The Joseph Group

Should I Stay or Should I Go?

July 11, 2023

To Inform:

41 years ago, when the UK punk rock band The Clash released their most famous single, 30-year fixed mortgage rates here stateside were 16.7%. While current mortgage rates are not remotely close to those of 1982, many would-be movers are still echoing the line so artfully sung by Mick Jones.

In that angsty British punk tone, Mick laments, “if I go there will be trouble, if I stay it will be double.” For our purposes, we will flip Mick’s dilemma. If a homeowner stays, there will be the trouble of not getting the next home they want or need. If they go, their mortgage rate may double. Okay, we’ve stretched that far enough.

Per the chart below, current 30-year fixed mortgage rates are about 6.8%. Many who bought a home or refinanced a mortgage in 2020 or 2021 have a rate of 3% or less, which makes a move to a new home cost prohibitive. While it may not be comforting when the monthly check is written, we must keep in mind that, historically, rates are still below the long-term average.

Source: FreddieMac


For those “stuck” in their home with a low rate, even a lateral move from a home-price perspective may increase the monthly payment substantially. For example, a 30-year, $300,000 mortgage at an interest rate of 3% has a monthly principal and interest payment of $1,265. That same mortgage at 6.8% has a payment of $1,956. Paying nearly $700 more per month at the same value would seem to be a non-starter. That’s the bad news. Better news incoming…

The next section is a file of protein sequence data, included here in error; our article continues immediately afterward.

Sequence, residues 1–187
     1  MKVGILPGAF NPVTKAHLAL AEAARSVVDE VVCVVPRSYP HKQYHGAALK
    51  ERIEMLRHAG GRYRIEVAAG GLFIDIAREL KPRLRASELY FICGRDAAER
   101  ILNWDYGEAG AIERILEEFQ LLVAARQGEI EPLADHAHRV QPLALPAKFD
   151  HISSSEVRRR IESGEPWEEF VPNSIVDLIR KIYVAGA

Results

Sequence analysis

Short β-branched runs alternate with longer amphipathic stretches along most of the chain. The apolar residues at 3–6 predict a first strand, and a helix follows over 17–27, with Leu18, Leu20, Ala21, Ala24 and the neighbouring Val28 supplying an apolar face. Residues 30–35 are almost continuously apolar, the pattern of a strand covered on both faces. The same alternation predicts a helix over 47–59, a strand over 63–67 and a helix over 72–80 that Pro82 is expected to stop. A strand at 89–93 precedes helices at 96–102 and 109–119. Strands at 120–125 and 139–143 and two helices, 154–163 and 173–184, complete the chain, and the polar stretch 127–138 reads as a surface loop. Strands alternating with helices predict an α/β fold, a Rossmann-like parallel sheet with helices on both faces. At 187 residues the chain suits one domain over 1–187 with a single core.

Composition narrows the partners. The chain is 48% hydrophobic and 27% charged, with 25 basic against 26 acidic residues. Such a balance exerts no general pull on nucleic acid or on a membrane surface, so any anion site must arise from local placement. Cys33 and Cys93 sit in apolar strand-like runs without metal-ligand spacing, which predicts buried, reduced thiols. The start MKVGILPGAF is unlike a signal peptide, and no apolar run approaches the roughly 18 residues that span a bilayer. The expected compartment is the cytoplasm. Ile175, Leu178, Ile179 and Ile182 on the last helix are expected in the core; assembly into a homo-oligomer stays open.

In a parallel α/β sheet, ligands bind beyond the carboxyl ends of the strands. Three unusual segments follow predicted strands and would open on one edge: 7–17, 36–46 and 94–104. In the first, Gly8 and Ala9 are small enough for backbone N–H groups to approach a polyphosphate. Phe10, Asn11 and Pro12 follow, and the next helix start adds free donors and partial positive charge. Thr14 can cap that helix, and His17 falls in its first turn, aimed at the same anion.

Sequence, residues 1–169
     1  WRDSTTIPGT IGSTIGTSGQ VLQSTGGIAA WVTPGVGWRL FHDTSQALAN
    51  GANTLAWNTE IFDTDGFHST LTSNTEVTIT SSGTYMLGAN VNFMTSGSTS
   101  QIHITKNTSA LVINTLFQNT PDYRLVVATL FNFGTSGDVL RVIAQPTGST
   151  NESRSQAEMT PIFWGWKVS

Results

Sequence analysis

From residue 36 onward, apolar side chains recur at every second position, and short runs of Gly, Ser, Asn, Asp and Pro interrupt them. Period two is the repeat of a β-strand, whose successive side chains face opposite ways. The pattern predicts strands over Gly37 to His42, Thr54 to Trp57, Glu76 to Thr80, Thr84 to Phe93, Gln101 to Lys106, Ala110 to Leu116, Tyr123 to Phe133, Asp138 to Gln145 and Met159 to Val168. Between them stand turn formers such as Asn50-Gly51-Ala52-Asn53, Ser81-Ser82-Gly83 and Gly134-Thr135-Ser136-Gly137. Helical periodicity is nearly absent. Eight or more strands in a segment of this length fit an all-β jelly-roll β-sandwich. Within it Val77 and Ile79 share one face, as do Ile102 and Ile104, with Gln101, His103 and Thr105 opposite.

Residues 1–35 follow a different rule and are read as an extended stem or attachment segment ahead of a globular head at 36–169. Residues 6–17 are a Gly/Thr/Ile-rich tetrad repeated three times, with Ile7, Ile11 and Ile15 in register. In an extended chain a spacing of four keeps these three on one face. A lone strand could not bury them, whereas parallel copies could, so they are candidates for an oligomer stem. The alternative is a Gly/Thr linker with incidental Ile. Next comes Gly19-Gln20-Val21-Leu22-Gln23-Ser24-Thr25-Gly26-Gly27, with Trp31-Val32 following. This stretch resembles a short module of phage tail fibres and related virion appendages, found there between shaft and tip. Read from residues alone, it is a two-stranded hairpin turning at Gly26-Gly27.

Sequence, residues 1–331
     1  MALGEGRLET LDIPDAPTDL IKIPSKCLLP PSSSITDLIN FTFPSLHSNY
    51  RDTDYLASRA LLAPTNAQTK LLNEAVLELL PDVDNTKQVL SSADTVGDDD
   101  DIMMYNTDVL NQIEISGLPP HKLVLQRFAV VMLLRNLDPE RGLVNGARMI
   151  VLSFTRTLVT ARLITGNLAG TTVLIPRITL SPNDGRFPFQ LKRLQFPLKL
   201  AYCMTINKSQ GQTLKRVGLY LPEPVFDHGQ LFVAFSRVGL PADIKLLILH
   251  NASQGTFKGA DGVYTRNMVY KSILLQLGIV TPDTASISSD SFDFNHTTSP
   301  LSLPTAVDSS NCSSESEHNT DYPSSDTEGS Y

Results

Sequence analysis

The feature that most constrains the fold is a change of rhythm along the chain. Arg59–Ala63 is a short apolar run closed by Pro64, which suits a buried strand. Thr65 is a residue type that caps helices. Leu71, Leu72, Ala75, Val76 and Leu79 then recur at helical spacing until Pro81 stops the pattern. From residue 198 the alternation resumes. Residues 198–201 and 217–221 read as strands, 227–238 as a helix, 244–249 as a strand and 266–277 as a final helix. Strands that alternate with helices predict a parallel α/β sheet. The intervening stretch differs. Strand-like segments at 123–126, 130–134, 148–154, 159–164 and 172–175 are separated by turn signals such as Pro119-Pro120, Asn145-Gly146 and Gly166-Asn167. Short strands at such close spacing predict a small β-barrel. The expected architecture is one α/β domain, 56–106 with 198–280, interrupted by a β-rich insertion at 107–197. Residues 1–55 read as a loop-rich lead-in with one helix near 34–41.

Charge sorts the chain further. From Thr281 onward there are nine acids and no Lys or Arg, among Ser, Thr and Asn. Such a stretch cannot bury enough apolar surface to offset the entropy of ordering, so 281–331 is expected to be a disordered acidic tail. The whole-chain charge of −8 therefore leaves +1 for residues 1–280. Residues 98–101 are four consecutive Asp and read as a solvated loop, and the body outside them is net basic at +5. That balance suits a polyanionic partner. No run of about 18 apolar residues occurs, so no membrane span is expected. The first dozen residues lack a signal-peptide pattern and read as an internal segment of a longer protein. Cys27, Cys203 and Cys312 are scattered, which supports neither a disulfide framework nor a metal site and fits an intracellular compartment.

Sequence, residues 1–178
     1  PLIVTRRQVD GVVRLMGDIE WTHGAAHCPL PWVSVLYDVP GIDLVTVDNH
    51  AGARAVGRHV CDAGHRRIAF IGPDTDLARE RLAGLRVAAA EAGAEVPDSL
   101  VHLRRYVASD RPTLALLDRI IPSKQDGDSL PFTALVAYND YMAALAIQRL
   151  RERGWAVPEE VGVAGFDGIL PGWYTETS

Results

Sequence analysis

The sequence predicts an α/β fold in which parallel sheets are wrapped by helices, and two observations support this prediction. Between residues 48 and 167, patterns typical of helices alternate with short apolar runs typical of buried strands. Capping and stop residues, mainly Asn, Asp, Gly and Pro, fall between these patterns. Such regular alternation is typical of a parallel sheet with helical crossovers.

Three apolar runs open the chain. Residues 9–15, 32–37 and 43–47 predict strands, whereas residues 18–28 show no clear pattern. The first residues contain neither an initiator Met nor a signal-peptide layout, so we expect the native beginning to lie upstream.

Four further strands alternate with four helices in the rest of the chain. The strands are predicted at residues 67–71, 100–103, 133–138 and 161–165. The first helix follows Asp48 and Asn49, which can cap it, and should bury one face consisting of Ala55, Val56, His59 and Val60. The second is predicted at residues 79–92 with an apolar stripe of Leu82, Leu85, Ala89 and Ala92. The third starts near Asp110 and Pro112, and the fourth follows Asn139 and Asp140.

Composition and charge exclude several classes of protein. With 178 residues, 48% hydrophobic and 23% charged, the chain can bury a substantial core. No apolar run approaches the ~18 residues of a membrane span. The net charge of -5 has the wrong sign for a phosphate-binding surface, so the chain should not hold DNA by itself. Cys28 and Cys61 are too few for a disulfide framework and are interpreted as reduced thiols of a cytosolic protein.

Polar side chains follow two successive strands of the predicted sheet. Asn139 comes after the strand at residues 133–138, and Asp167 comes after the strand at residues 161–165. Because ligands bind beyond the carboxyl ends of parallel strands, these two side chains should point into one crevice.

You may have heard the phrase “marry the house, date the rate.” This highlights that if rates come down in the near future, there could be an opportunity to refinance at a lower rate. While not a guarantee, it’s an arrow in the quiver to make a new home more affordable down the road. Rates are not likely to come back to 3% any time soon, but even a small decrease can save tens of thousands over the life of a loan.

Another boon for potential movers who already own a home is that median sales prices of houses sold have nearly doubled since 2010, as illustrated in the chart below. I know, you’re still buying into the same market from which you’re selling but having a large chunk of change in your pocket can help to either lower your principal amount or buy down the interest rate on a new mortgage.

Source: fred.stlouisfed.org


Well, should I stay or should I go? Whether you’re downsizing later in life or looking for that dream home in which to raise your family, don’t let the perfect be the enemy of the good. Talk to your financial planner and you may find your next home is not “always tease, tease, tease.” Then you’ll be able to declare when that home hits the market, “if you say that you are mine, I’ll be here ‘till the end of time.”





Written by Nick Boyden, Client Advisor